If ‘time is money’ when vis­it­ing Chicago’s mu­se­ums and at­trac­tions, you’ll need to grab a pass that will save both. City Pass of­fer a dis­count adult pass for US$ 94.00 for five fa­mous at­trac­tions and mu­se­ums: The Shedd Aquar­ium – the world’s largest, Sky­deck Chicago, The Field Mu­seum of Nat­u­ral His­tory, The Mu­seum of Sci­ence & In­dus­try or 360 Chicago, The Adler Plan­e­tar­ium or The Art In­sti­tute of Chicago – that’s a US$ 93.95 sav­ing off the reg­u­lar ad­mis­sion prices and on top of that it gains you a VIP en­try pass.

One of my favourite at­trac­tions is The Mu­seum of Sci­ence & In­dus­try. Here you’ll find an Om­n­i­max Theatre and the Idea Fac­tory, in­ter­ac­tive dis­plays, spe­cial events and ex­hibits such as Trea­sures of Walt Dis­ney or you can de­scend into a work­ing coal mine, board Amer­ica’s first diesel-elec­tric stream­lined pas­sen­ger train, marvel at a collection of WW1 and WW2 air­craft and a walk-through Boe­ing 727 air­plane or take a claus­tro­pho­bic walk in­side the only WW2 Ger­man sub­ma­rine in the United States – U-505.

In­ter­na­tional vis­i­tors to Chicago and the USA con­tinue to list shop­ping as their num­ber one ac­tiv­ity, and there’s no bet­ter place than Chicago to play with your plas­tic. On the wa­ter­front, Navy Pier of­fers more than 50 acres of parks, prom­e­nades, gar­dens, shops, restaurants and en­ter­tain­ment in a ren­o­vated ware­house. On North Or­leans Street are the Mer­chan­dise Mart, the world’s largest whole­sale cen­tre, and the Chicago Ap­parel Cen­ter.

Chicago’s commercial district, for­merly con­fined to the area known as The Loop, which was de­fined by a cir­cuit of el­e­vated trains, now pushes north of the Chicago River to Oak Street. Known as the “Mag­nif­i­cent Mile”, the shop­ping area is con­sid­ered the Rodeo Drive of the Mid­west. Here are lo­cated some of the world’s finest spe­cialty stores.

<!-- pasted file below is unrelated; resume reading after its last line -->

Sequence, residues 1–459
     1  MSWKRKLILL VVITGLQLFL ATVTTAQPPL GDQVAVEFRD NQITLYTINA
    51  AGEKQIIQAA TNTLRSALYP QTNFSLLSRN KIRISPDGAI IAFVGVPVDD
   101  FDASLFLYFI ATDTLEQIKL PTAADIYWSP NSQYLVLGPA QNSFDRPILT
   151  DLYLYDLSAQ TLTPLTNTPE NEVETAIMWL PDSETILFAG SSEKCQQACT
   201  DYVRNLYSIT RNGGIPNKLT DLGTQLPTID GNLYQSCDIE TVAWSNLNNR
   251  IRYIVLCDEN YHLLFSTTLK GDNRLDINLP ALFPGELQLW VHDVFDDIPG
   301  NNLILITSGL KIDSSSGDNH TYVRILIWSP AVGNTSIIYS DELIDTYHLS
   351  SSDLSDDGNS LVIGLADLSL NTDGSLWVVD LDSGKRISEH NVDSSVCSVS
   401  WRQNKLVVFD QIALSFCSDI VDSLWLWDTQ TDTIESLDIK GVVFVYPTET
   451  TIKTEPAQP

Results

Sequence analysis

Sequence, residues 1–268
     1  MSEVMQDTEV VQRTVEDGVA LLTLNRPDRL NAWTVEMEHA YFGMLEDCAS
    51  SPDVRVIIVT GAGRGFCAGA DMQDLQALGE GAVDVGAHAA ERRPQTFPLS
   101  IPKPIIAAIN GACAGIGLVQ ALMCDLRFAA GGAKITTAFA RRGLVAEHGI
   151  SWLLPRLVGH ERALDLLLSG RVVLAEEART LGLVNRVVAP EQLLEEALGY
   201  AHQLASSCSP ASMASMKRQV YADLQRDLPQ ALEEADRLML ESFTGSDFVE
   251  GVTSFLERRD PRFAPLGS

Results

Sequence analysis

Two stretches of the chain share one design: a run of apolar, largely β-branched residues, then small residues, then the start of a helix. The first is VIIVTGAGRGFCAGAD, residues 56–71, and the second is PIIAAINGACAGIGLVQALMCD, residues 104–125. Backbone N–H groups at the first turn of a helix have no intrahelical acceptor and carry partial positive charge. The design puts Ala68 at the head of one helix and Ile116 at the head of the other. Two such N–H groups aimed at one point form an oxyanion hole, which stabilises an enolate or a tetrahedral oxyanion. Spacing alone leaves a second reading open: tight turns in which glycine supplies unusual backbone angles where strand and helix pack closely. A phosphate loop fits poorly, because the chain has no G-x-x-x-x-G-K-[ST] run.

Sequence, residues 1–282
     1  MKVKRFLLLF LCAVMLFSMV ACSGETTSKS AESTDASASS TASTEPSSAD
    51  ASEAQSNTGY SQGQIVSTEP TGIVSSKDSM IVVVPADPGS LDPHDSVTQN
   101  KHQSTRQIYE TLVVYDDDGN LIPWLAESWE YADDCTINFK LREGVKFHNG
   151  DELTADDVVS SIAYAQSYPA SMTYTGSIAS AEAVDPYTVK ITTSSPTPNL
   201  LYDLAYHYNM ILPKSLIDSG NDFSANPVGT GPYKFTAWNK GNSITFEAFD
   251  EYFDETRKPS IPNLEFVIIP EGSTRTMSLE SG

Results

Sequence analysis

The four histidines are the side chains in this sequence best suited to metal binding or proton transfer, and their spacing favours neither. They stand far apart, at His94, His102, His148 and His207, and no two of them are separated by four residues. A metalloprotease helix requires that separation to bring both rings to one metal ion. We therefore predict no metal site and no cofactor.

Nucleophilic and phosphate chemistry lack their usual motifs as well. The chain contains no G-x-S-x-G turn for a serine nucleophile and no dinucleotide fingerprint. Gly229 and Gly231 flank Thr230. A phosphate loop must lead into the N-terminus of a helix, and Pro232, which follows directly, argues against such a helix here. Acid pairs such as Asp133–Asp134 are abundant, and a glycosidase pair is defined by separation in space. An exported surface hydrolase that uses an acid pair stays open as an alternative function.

Wa­ter Tower Place on North Michi­gan is a seven-level mod­ern shop­ping em­po­rium with Chicago-based Mar­shall Field’s and Lord & Tay­lor or walk a block to Chicago Place, an eight-level mall an­chored by Saks Fifth Av­enue.

The fa­mous Mar­shall Field’s depart­ment stores call Chicago home, and it was the store’s very clever founder, Mar­shall Field, who coined the re­tail ex­pres­sion that rang his cash reg­is­ters when he told his staff to ‘Give the lady what she wants’! Ma­cys Depart­ment store is now nes­tled in the his­toric Mar­shall Field’s build­ing and wel­comes shop­pers with an In­ter­na­tional Vis­i­tor Sav­ings Card (not avail­able to lo­cals) that grants 10% dis­counts off reg­u­lar, sale and some clear­ance-priced mer­chan­dise. Just show your pass­port and then ‘shop un­til you drop.’

If you want an in­stant ice­breaker among lo­cals, talk about sports. Chicago fans rank among Amer­ica’s best for their sup­port of lo­cal teams, and if you just ask, you’ll be wel­comed as a trea­sured guest of the city. Sports rule in Chicago year-round with no fewer that 22 ma­jor sta­di­ums and venues such as the world-fa­mous Wrigley Field, home to base­ball’s Chicago Cubs, but it has also hosted foot­ball, ice hockey, skat­ing, soc­cer and rugby – al­though the All Blacks have sched­uled a game on 1st Novem­ber against the USA Ea­gles at Sol­dier Field, the NFL home of the Chicago Bears. Chicagoland Speed­way is home of the Nascar Sprint Cup Se­ries, the United Cen­ter is the in­door arena home of the Chicago Bulls bas­ket­ball team as well as ice hockey’s Chicago Black­hawks. Fi­nally US Cel­lu­lar Field is home of the fa­mous Chicago White Sox base­ball team.

On any given evening, some­thing mu­si­cally mag­i­cal takes place in the Windy City. Chicago is fa­mous for leg­endary blues and jazz, which can be heard nightly in venues through­out the city. If you want this kind of mu­sic ring­ing in your ears then there’s prob­a­bly some mu­sic joints within walk­ing dis­tance of your down­town ho­tel, just tap your concierge on the shoul­der and ask and you might find places such as Buddy Guy’s Leg­ends bar where live blues mu­sic is played seven days a week and it’s lo­cated right be­hind the im­pos­ing Hil­ton Ho­tel.

So there you have it…Chicago and all that jazz! There was a very good rea­son for world-fa­mous crooner Frank Si­na­tra to belt out his fa­mous tune, ‘My Kind of Town, Chicago is.’

Sol­dier Field

Chicago Theatre

Buddy Guy’s

Navy Pier

Chicago Sky­line and Beaches

Chicago Wa­ter Tower